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  • Poster presentation
  • Open Access

IL-1 beta receptor antagonist efficacy in the treatment of idiopathic recurrent pericarditis

  • 1,
  • 1,
  • 1,
  • 1,
  • 1,
  • 1 and
  • 2
Pediatric Rheumatology20086 (Suppl 1) :P126

https://doi.org/10.1186/1546-0096-6-S1-P126

  • Published:

Keywords

  • Familial Mediterranean Fever
  • Pericardial Effusion
  • Pericarditis
  • Cardiac Tamponade
  • Acute Phase Reactant

Objective

To assess the efficacy of IL-1 beta receptor antagonist (IL-1RA) in the treatment of steroid dependent idiopathic recurrent pericarditis (RP).

Methods

Three patients (1 male, 2 females, aged between 13 and 16) were enrolled. RP was defined by "pericardial" pain and ≥1 of the following signs: fever, pericardial friction rub, electrocardiographic changes, echocardiographic evidence of pericardial effusion, elevated acute phase reactants.

Patients showed recurrent flares of pericarditis with malaise, precordial pain, tachyorthopnoea, sometimes fever. 2/3 developed a life-threatening cardiac tamponade needing pericardiotomy. None of them presented signs or symptoms consistent with a chronic rheumatic disease: antinuclear, anti-coxsackie and anti adenovirus antibodies were negative. Genetic analysis ruled out Familial Mediterranean Fever. Mean disease duration was 2 years and mean rate of recurrences was 4 yearly. Pericarditis seemed steroid dependent and poorly responsive to colchicine.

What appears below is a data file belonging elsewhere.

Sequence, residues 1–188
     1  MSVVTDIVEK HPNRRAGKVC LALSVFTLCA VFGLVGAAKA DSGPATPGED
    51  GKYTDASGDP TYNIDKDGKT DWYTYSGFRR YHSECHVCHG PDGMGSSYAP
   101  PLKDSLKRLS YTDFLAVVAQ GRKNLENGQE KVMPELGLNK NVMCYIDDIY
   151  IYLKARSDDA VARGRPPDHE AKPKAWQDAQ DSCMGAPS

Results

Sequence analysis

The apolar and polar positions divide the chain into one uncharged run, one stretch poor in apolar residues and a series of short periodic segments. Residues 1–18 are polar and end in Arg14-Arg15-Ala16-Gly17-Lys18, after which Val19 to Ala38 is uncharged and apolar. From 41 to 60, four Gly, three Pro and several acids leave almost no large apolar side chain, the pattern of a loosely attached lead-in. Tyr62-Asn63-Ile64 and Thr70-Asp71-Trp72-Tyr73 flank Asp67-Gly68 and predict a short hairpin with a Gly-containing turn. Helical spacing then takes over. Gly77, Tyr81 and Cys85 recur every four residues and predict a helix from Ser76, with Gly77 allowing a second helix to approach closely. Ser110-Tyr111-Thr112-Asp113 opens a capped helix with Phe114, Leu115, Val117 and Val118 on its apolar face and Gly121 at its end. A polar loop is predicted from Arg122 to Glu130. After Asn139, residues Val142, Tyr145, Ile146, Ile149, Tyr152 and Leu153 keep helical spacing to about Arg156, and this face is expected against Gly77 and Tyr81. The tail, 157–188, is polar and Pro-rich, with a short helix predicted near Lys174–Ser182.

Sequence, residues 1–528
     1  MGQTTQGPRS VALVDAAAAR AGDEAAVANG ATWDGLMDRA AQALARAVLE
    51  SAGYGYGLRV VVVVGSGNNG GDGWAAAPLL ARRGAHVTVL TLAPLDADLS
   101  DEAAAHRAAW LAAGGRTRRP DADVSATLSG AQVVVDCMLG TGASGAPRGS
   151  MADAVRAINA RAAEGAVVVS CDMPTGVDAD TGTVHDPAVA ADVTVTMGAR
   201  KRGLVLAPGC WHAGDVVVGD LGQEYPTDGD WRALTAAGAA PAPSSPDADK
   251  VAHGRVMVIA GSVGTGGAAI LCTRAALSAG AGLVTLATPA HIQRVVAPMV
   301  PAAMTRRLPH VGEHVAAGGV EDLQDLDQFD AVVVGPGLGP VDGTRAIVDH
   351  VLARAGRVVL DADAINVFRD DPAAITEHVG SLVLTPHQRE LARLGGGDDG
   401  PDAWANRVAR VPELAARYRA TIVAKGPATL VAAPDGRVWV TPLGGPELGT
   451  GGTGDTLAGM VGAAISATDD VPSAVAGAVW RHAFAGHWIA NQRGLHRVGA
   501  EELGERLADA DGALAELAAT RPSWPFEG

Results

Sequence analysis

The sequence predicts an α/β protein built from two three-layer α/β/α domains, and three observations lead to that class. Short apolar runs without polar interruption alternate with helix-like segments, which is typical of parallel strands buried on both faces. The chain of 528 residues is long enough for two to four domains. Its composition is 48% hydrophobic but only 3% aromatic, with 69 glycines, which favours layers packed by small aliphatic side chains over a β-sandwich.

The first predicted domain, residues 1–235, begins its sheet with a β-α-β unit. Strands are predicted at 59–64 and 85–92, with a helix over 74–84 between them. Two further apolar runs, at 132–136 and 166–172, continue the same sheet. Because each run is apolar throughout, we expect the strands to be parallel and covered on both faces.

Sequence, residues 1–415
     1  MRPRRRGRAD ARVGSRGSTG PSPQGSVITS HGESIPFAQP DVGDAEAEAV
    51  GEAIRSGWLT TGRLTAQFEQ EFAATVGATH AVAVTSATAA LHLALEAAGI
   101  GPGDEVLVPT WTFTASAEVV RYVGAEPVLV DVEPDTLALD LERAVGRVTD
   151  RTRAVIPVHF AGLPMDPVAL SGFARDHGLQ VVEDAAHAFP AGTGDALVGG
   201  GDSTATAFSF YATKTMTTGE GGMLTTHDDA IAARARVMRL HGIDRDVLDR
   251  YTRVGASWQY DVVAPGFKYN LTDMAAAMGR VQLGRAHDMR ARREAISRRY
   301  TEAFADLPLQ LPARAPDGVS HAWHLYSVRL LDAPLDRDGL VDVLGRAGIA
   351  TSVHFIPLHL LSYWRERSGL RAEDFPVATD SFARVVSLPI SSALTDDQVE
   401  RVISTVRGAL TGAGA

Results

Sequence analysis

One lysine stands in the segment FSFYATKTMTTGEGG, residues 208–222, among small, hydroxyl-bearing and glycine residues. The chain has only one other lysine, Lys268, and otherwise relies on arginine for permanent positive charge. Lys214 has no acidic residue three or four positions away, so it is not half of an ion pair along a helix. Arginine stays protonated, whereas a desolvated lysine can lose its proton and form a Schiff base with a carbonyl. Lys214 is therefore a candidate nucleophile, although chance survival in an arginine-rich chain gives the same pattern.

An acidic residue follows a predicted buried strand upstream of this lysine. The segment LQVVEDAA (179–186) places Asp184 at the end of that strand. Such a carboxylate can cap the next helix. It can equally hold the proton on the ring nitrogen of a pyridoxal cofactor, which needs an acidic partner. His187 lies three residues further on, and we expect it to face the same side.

Results

IL-1RA administration was associated with a dramatic disappearance of symptoms and normalization of acute phase reactants. In all three patients IL-1RA was stopped after the achievement of a complete remission. In all cases, withdrawal was followed by a flare after a few weeks. The reinstitution of IL-1RA was associated with a new immediate response. All patients were mantained on IL-1RA treatment whilst steroids were tapered and stopped; at a mean follow-up of 4 months, none of them has experienced a disease relapse.

Conclusion

IL1-RA may be effective in the treatment of idiopathic recurrent pericarditis; moreover, this preliminary finding seems to suggest that these patients could be affected by a new, not yet identified, genetic autoinflammatory disease.

Authors’ Affiliations

(1)
IRCCS G. Gaslini, Genova, Italy
(2)
IRCCS G. Gaslini and Università di Genova, Genova, Italy

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